From the gospel this week we have the story of Jesus healing the blind man, Bartimeaus, who is begging alongside the road. Jesus is on his way to Jerusalem.
Bartimeaus shouts out to Jesus, “Son of David, have mercy on me” yet the crowd sternly orders him to be quiet. Apparently the shouting he is doing is loud enough to irritate a crowd. Why do they want to silence him? I wonder what this is about? Because when Jesus hears him, in fact, he calls for him. And at that point the crowd actually encourages Bartimeaus to go to Jesus by saying, “Be brave, take heart!” “Rise up” they say.
When Jesus asks Bartimeaus what he wants, Bartimeaus casts aside his cloak springs up and responds that he wants “to see again.” Jesus heals him and tells him “Go, your faith has made you well.” Bartimeaus then follows Jesus “on the way.”
There are some wonderful nuggets of spiritual wisdom woven into the narrative if we consider the symbolic nature of the story. On the surface Jesus has cured a blind man who then follows him on the road to Jerusalem. But we also see a man spiritually healed who bravely asks to be united with God on the spiritual road or hodos (Greek for “way”).
This brave move on Bartimeaus’ part is not just in asking for his right to the healing hand of God, but involves dropping his cloak and leaving behind everything to follow Jesus. His cloak was not only his warmth and protection from the elements, but his means for gathering alms. Everything he had accrued in a day was on this piece of cloth, drawn up and then presumably used to sleep in at night. So this story stands in strong contrast to the earlier story of the wealthy man who left grieving when Jesus asked that he sell his belongings to enter into everlasting life. It is a fearless move.
We also see the foreshadowing of Palm Sunday with Bartimeaus’ cloak and his claims that Jesus is the son of David. In just a few more passages Jesus will enter into Jerusalem on a colt, the crowd will lay down their cloaks and palm branches as his “red carpet,” shouting “Hosanna! Blessed is the coming Kingdom of our Ancestor David.” We often don’t stop and think about the incredible significance for the peasant class placing their garments (for some their only cloak) on the road to be trod upon, offered up as a self-emptying practice in the name of hope.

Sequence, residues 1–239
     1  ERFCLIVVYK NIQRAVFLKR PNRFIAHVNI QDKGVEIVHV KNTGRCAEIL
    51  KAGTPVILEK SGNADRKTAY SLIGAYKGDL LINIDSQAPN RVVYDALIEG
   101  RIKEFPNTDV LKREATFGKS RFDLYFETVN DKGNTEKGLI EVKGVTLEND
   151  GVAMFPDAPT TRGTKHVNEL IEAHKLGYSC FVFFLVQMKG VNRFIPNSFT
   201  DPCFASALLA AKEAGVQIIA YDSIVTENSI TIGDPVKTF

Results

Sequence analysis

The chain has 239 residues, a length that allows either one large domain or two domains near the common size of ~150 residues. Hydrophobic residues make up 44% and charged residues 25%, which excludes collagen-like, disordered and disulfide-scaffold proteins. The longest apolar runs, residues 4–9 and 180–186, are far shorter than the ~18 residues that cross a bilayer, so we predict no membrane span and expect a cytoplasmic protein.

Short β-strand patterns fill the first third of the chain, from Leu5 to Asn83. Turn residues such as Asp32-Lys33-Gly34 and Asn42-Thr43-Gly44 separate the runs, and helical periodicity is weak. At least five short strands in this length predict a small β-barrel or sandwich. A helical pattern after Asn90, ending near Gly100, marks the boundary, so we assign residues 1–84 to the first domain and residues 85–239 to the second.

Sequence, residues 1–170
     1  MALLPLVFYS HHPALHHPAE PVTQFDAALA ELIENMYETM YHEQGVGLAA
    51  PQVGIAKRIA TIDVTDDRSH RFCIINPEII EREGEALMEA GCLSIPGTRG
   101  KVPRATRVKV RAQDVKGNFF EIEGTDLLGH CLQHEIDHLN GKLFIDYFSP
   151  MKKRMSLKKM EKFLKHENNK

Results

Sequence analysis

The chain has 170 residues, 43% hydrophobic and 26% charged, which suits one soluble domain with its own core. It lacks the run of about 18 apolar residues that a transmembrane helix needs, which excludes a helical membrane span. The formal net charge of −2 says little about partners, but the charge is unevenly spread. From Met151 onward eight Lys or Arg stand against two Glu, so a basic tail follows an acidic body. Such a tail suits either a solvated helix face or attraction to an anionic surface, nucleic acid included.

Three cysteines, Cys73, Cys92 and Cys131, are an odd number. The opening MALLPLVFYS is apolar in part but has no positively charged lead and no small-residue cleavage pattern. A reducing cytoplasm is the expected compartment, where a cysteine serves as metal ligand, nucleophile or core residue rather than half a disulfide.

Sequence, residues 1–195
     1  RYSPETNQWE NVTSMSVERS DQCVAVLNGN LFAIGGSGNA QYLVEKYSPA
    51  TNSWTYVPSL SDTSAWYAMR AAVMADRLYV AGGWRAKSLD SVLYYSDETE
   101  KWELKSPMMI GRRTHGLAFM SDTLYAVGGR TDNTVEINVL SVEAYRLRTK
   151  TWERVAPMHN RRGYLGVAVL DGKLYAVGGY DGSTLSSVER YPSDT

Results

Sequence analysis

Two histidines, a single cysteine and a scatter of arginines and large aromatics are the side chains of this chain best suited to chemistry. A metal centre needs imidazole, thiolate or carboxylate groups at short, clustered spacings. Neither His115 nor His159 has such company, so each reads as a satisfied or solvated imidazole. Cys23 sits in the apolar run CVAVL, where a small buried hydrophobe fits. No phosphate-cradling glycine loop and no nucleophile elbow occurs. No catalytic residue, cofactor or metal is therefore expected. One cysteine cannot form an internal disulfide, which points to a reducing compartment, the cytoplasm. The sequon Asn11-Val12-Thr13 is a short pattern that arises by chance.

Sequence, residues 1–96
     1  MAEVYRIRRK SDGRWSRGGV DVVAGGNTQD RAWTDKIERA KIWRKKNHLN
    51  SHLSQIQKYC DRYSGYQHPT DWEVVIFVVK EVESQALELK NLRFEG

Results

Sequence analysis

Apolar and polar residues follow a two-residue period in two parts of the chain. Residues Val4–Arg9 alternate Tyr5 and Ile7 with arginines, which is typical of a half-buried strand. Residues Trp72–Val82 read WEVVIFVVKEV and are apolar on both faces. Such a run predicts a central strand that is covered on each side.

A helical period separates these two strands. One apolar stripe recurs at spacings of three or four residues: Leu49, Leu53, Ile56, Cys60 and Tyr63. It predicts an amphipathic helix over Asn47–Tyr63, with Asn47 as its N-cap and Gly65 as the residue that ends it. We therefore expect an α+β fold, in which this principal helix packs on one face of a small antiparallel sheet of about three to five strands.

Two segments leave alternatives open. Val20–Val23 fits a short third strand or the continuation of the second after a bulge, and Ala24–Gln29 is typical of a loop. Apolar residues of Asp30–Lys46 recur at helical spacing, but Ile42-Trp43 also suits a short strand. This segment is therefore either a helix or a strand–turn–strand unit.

These efforts illumine hope in the form of fearlessness.
So how do we reflect on these activities in our own lives?
Hope and fearlessness go together. Hope is not a passive stance. It is an engaged and embodied activity with righteousness at its core; with truth as its lens; and “belief” in the (form of trust and commitment) as its engine.
And it isn’t a one time event. Hope takes practice.
We are faced with the decision to have faith and hope frequently, to be brave on a regular basis (more frequently than we probably admit, even to ourselves). And there are forces, crowds at work, telling us to be quiet, not to draw attention to ourselves – or to the truth.
When Bartimeaus rises up to greet Jesus, the word used for rise means also to “wake up, arise, waken.” And this form is used in many of the healing stories. Bartimeaus has his eyes opened from blindness, but he is also awakened to new life, to the “way.”
Having hope requires waking up. In our own daily efforts to work for justice, peace and love, we need practices to help us keep awake. Prayer, centering prayer, and meditation can help us practice being awake, so we can continue to be brave in our efforts to bring hope to ourselves and for our world.
What activities help you cultivate awareness, this sense of being awake to what is true?
Take a fearless leap and discover what helps you on “the way.”